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When Brand met Clegg: What comes first, country or constituency?

As Deputy Prime Minister, Nick Clegg helps run the country. But he still reckons he has time to run his own constituency too. He’s forever dropping references to Sheffield into press conferences and interviews, as if he’s totally in touch. But I wanted to know just how much of that is lip service – does he really get out to his seat as much as he implies?

I decided to spend the day with him in Sheffield Hallam; first stop, Totley Primary School.

We both make terrible puns about ‘cooking up policies’ as Nick Clegg dishes out free school meals

We both make terrible puns about ‘cooking up policies’ as Nick Clegg dishes out free school meals (which he expanded in government to cover all under-7s). “I love getting out of stuffy Whitehall offices”, he tells me, as he shovels chips onto a tray (chips are just for Fridays, I’m assured). “I’m quite a gregarious individual”, he adds, “I love doing what I do with my constituents.”

And these are particularly bright and friendly children. They all correctly tell me that it’s Nick Clegg over there dishing up peas, and that he’s the Deputy Prime Minister. But when I ask them if they’ve ever seen him before in Sheffield, the answer is almost always no. “But he does go to the same hairdresser’s as me, which is a bit weird”, one of them giggles.

After a round of brilliantly curious questions (we find out he’s nervous when he meets the Queen, that he’d like a dog, and that he never planned to be a politician) it’s on to the next stop. Work Ltd helps adults with learning difficulties, and Nick Clegg is a patron. They’ve made the Christmas card he’ll send out to constituents, which he clearly approves of: “It’s stunning!”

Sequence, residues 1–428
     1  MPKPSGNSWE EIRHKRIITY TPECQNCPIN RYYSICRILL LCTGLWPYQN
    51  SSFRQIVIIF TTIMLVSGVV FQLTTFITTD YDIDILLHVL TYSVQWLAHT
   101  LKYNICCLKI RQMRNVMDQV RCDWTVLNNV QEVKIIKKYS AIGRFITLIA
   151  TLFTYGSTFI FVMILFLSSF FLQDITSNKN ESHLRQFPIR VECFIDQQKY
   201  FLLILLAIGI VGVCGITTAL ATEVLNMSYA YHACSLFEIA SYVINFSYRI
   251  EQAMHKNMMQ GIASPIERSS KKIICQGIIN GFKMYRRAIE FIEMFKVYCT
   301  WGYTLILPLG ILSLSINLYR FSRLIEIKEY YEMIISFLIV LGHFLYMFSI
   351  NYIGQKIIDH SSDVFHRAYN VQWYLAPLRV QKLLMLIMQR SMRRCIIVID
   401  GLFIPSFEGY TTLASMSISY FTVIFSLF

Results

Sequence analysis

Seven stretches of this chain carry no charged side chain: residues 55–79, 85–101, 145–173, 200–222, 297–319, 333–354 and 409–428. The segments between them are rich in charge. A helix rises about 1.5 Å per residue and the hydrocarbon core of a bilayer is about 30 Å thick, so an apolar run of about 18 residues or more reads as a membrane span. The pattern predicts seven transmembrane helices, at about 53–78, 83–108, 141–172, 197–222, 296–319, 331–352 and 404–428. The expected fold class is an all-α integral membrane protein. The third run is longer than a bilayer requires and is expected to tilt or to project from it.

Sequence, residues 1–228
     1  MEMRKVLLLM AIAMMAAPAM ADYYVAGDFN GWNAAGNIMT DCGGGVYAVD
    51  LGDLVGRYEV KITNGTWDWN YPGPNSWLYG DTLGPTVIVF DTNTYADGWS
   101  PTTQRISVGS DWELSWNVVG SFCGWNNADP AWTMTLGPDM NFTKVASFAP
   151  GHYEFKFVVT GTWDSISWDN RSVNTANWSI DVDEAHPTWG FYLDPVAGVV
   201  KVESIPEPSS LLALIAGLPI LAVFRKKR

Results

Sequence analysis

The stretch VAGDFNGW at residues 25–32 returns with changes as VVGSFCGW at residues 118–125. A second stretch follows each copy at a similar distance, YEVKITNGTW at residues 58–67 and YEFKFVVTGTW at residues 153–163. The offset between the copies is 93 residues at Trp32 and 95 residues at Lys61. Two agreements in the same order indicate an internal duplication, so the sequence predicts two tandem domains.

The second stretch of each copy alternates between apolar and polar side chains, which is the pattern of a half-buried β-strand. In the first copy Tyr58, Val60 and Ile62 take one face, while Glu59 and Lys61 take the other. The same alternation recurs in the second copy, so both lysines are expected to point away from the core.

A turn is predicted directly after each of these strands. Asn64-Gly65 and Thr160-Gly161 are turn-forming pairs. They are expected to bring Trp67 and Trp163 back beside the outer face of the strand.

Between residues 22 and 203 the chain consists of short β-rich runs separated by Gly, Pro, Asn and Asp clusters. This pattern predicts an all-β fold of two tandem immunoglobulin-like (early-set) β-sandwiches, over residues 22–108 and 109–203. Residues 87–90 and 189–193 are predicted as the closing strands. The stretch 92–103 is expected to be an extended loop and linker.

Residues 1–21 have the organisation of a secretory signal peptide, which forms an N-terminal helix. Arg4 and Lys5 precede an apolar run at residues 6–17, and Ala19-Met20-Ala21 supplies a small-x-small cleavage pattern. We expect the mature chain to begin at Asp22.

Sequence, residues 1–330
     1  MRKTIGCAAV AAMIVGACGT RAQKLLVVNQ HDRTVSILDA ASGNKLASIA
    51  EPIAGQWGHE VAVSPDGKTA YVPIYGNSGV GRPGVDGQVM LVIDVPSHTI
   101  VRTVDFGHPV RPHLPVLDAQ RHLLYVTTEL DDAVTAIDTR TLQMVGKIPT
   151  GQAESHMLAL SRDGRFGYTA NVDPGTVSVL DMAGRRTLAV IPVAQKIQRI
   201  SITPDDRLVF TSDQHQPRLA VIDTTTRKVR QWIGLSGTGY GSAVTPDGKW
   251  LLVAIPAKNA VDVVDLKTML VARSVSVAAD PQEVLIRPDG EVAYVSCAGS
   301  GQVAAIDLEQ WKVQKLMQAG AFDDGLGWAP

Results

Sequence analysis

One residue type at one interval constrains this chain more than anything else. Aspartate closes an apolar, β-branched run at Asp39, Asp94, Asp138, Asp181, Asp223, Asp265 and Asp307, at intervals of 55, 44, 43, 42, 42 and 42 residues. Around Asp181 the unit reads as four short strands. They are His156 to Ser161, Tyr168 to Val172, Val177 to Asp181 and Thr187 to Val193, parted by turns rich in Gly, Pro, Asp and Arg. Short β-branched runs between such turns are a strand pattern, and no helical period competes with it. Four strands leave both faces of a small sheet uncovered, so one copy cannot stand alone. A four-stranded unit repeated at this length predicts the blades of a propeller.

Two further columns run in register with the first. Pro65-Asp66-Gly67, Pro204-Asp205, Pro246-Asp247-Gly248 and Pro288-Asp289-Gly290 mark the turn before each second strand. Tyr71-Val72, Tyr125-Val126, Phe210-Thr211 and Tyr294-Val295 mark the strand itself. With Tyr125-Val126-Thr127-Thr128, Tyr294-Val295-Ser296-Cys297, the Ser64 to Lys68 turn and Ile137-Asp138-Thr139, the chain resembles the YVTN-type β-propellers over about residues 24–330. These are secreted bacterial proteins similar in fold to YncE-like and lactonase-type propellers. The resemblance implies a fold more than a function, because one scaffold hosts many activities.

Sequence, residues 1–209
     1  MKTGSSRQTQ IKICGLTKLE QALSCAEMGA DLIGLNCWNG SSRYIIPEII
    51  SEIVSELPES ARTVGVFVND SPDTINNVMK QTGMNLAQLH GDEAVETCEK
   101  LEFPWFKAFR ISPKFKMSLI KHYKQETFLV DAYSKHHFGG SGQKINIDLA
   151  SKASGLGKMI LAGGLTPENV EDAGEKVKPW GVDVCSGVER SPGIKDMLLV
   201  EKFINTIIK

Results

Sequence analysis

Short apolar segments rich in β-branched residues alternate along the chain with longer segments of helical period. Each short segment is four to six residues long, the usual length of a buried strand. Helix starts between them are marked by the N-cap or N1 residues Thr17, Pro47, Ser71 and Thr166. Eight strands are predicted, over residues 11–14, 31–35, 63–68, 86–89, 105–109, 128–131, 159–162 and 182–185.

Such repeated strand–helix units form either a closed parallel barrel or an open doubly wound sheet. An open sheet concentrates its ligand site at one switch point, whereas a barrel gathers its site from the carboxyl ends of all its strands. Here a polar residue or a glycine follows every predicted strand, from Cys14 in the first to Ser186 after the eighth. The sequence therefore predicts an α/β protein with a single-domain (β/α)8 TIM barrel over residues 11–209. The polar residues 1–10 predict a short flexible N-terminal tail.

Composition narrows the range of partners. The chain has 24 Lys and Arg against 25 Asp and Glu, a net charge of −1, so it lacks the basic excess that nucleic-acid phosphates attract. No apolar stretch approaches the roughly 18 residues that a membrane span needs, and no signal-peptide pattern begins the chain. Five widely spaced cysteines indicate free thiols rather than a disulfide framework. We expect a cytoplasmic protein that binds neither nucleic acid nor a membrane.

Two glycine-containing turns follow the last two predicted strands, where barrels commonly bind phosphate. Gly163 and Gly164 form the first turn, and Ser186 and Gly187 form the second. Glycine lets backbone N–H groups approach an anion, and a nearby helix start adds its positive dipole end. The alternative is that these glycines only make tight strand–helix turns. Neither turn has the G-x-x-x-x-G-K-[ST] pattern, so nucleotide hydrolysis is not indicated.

And he may need to send out a few cards this year to butter up the voters. Recent polls suggest there are just a few points between him and his Labour rival in Sheffield Hallam. I ask him whether he’s suspiciously been in Sheffield a little more in recent months, as if he’s worried about the election. “I think that’s unfair”, he says, “I’ve always diligently kept up my constituency work…I enjoy it.”

The final stop is a strange paradox.

Totley Library was threatened with closure due to coalition cuts (executed by Sheffield Council), but Nick Clegg stepped in to campaign to keep it open. He’s here to do a shift with the volunteers, and tells me, “We’re all juggling things. It is right local authorities need to make savings. I think the choices about how you make savings vary from place to place. Are councils being sensible? I don’t think they are in my neck of the woods.”

Then comes an interesting revelation. Nick Clegg doesn’t just stack books – he’s written one. A novel, which he tells me is incredibly embarrassing and hidden away in a cupboard at home. Something about a man looking back on his life. “It’ll never be published”, he promises:

As for what he wants for Christmas, he’d like a book that’s a little better written. “I suppose the test of where your heart is, is where you’ll spend Christmas”, I suggest, “Sheffield or London?” The answer is neither. “We’ll be in Spain with my mother-in-law!” Quite a compromise.

And this may be Nick Clegg’s last Christmas juggling the two jobs. Next year there’s that pesky election. Will he still be running the country after May? Will he even be running a constituency?

Watch Paul Brand's full piece with Nick Clegg:

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